Law professors met last month with members of the country’s premier business court—the Delaware Court of Chancery—at Columbia University Law School in New York City to reveal how their research may be impacting the court’s decisions on statutory appraisals, dissenting shareholder rights, directors’ fiduciary duties, and more. In particular, a study by Prof. Steven Davidoff (Ohio State Univ.) shows that a decade ago, only one in 10 public company deals resulted in litigation. In 2010, the litigation rate among deals spiked to 84%, according a summary of the conference by Corporate Counsel.
“It is really spectacular growth,” said attorney William Savitt, a partner at event co-sponsor Wachtell Lipton Rosen & Katz. “It shows no sign of slowing.” However, the Delaware Chancery court is not attracting its proportionate share of this rising tide, said Prof. Bernard Black (Northwestern Univ.), who presented recent data to support this finding. To explain this trend, Prof. Black could only guess that the court’s recent efforts to discourage “bad cases” through “anti-plaintiff lawyer rhetoric” and fee cuts may be prompting attorneys to file even good cases in other state courts. That may also reduce the court’s high-profile reputation and its quasi-regulatory role, according to another commentator at the conference.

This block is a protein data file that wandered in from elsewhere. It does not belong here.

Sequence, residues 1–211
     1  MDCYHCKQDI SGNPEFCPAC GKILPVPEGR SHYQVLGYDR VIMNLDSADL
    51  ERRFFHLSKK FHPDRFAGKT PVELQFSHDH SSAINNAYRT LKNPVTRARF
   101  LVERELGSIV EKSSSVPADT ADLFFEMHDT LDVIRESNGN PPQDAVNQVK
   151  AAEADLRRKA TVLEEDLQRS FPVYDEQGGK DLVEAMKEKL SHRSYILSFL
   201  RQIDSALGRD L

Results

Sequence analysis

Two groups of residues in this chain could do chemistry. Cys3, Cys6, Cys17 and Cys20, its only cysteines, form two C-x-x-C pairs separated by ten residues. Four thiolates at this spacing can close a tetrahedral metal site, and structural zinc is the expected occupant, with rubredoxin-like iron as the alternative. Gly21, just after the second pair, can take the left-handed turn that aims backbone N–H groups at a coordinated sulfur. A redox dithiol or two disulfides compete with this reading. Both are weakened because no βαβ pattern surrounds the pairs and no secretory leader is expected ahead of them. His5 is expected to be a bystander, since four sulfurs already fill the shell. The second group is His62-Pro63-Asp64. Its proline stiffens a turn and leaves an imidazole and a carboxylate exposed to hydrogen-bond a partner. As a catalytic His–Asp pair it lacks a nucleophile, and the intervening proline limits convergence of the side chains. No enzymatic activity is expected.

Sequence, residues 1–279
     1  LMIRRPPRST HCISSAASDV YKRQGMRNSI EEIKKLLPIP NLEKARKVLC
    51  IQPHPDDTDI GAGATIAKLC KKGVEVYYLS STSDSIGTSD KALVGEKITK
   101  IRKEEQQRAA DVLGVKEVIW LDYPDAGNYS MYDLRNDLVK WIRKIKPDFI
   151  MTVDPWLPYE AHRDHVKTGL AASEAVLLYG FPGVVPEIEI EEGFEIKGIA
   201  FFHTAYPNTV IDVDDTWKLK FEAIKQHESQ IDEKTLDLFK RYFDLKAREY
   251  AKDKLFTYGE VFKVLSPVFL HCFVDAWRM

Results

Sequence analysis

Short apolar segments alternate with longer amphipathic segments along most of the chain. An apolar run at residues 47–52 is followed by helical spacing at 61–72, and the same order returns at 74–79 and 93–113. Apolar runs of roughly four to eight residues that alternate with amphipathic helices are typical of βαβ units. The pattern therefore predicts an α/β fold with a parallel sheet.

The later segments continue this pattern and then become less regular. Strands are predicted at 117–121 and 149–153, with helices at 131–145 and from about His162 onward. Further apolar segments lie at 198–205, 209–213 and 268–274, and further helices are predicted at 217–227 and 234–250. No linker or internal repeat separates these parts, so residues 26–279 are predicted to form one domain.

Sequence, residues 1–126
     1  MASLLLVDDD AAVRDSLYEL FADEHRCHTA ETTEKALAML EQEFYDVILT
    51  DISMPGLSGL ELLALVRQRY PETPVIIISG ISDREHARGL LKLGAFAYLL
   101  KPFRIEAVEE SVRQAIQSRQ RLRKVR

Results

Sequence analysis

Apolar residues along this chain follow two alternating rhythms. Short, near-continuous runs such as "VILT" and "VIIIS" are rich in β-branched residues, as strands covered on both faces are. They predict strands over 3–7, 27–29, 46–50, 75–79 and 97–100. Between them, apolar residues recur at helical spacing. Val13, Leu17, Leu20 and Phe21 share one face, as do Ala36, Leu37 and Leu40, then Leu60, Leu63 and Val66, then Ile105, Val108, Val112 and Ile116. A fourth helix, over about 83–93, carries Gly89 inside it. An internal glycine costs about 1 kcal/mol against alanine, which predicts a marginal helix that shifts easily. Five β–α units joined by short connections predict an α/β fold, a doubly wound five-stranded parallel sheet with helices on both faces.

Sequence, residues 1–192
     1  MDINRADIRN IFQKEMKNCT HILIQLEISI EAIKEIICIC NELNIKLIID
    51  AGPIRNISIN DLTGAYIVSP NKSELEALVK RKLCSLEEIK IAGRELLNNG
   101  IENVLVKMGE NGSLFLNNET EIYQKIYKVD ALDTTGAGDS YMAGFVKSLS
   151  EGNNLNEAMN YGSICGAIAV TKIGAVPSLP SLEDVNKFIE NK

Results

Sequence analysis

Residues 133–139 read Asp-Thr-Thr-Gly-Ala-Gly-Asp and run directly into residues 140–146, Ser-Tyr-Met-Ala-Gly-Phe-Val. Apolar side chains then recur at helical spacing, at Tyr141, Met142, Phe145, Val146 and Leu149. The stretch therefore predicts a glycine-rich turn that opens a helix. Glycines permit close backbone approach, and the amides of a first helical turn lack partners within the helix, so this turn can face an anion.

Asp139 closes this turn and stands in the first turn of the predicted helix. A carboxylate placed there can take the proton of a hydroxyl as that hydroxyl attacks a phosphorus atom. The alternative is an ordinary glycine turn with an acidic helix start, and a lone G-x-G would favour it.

To keep up with important valuation precedent from this preeminent corporate tribunal, tune in tomorrow, Thursday, Dec. 8, to Delaware Chancery Roundtable: Views from the Bench, Council & Witness Stand. In this special two-hour webinar, Neil Beaton (Grant Thornton) and Kevin R. Shannon (Potter Anderson & Corroon) will ask Vice Chancellor Donald F. Parsons Jr. what the Chancery court expects from financial experts, their valuation methods, conclusions, and credibility.
Please let us know
if you have any comments about this article or enhancements you would like to see.